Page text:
Suspend to ram should be safer than suspend to HDD. Mostly because if a newer kernel is installed, only the old kernel will accept the hibernation image.
I think powerfail during a correctly-executed upgrade is expected to be recoverable. I don't know exactly what level of resources you need to guarantee that. Basically, you want to be able to boot, log in, and re-run the same apt command e.g.
(This is not true of rpm. rpm is expected to not handle powerfail gracefully; it requires manual intervention).
I think as Bruno9779 points out, the main reason not to rely on this is that you should be expecting something to break anyway, unless you've already upgraded a sufficiently similar system. If you're not already experienced in recovering from the powerfail, you could be dealing with two new problems at the same time. Stressful, and with the possibility that they compound each other.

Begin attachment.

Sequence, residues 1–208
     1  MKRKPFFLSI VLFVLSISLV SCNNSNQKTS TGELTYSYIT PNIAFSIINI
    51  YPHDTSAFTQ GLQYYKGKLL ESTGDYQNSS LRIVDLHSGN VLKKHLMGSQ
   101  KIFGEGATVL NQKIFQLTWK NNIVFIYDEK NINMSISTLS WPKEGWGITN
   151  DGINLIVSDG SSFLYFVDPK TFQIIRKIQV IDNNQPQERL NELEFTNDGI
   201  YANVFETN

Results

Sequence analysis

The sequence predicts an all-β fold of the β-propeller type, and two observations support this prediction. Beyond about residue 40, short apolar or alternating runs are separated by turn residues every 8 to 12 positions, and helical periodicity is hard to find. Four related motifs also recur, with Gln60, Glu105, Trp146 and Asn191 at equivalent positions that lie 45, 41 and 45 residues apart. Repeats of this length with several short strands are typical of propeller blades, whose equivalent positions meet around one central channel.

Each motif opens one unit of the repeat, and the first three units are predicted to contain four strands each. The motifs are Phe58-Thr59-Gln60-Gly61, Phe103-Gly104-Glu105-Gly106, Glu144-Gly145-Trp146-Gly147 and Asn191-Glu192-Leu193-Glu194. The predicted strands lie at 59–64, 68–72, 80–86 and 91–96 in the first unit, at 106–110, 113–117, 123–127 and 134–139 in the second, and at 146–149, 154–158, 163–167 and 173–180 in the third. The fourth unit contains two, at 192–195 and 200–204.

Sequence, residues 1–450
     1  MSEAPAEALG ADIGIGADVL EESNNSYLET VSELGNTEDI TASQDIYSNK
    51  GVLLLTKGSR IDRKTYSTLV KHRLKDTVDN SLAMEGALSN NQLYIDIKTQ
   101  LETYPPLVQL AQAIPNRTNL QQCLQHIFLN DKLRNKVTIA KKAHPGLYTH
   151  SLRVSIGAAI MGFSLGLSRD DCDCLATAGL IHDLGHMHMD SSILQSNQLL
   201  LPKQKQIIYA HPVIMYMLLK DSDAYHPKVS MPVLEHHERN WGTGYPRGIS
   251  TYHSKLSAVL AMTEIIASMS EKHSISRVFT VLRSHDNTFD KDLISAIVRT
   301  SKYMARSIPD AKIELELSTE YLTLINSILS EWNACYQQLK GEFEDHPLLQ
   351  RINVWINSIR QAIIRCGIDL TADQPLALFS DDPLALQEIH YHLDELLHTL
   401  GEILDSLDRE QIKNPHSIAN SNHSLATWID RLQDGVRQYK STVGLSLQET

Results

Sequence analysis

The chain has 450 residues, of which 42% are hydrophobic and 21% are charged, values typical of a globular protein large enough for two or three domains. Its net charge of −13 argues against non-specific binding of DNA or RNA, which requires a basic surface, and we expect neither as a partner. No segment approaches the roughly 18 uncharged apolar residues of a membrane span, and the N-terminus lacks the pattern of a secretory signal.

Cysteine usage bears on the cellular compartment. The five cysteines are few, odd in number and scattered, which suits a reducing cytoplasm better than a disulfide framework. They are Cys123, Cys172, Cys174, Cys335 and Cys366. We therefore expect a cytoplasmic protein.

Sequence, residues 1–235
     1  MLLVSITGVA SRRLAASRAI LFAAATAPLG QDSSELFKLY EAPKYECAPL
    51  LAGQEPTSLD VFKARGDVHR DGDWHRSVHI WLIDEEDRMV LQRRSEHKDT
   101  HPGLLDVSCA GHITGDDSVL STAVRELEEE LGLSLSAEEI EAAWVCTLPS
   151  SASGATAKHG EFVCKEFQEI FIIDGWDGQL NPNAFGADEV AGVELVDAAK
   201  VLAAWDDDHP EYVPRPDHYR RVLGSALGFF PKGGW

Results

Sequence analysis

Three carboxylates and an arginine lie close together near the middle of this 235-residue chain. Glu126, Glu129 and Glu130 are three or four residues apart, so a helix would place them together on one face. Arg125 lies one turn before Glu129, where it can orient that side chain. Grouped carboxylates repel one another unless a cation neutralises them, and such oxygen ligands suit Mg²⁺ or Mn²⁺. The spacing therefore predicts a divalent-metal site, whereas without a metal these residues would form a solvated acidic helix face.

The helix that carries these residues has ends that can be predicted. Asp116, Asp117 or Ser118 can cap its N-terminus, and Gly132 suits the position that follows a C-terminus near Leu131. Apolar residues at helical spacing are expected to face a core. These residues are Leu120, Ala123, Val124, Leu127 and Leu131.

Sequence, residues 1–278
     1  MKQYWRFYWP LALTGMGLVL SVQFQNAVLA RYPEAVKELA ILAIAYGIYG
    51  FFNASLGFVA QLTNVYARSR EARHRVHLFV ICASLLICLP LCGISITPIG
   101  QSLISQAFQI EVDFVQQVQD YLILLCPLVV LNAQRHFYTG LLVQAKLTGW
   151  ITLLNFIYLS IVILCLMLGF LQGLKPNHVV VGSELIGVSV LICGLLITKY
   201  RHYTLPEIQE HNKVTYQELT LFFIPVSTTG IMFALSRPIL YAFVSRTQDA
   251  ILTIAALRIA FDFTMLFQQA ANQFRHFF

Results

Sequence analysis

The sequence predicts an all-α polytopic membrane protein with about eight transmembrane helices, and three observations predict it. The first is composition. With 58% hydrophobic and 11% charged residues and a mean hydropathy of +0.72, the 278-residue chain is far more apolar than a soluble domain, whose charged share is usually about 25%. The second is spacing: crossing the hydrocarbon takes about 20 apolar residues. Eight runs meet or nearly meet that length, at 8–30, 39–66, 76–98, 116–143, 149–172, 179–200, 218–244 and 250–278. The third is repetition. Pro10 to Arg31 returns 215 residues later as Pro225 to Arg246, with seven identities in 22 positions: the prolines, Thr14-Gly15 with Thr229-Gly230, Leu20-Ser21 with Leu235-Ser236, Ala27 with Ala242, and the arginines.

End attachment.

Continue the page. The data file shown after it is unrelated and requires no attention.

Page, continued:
The upgrade is not 100% guaranteed safe, unless you're already prepared to give up and do a fresh install. As the ever-helpful upgrade instructions say
Although Debian tries to ensure that your system stays bootable at all times, there is always a chance that you may experience problems rebooting your system after the upgrade. Known potential issues are documented in this and the next chapters of these Release Notes.
For this reason it makes sense to ensure that you will be able to recover if your system should fail to reboot or, for remotely managed systems, fail to bring up networking.
and the documentation for the recovery system it points to conclude
Repairing broken systems can be difficult, and this manual does not attempt to go into all the things that might have gone wrong or how to fix them. If you have problems, consult an expert.